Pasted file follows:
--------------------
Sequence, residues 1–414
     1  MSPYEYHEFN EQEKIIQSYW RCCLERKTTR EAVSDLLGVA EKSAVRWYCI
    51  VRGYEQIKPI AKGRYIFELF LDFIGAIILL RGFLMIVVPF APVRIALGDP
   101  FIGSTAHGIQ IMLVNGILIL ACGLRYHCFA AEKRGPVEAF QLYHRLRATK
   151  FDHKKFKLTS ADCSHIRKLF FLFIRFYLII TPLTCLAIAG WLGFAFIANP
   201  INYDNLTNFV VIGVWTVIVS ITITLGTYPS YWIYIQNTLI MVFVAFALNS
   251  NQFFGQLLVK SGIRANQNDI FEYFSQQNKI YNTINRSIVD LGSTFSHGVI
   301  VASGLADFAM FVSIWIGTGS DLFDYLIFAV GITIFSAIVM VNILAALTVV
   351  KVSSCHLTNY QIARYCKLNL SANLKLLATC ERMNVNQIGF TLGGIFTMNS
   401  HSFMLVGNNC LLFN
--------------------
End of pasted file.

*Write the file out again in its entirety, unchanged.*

Sequence, residues 1–414
     1  MSPYEYHEFN EQEKIIQSYW RCCLERKTTR EAVSDLLGVA EKSAVRWYCI
    51  VRGYEQIKPI AKGRYIFELF LDFIGAIILL RGFLMIVVPF APVRIALGDP
   101  FIGSTAHGIQ IMLVNGILIL ACGLRYHCFA AEKRGPVEAF QLYHRLRATK
   151  FDHKKFKLTS ADCSHIRKLF FLFIRFYLII TPLTCLAIAG WLGFAFIANP
   201  INYDNLTNFV VIGVWTVIVS ITITLGTYPS YWIYIQNTLI MVFVAFALNS
   251  NQFFGQLLVK SGIRANQNDI FEYFSQQNKI YNTINRSIVD LGSTFSHGVI
   301  VASGLADFAM FVSIWIGTGS DLFDYLIFAV GITIFSAIVM VNILAALTVV
   351  KVSSCHLTNY QIARYCKLNL SANLKLLATC ERMNVNQIGF TLGGIFTMNS
   401  HSFMLVGNNC LLFN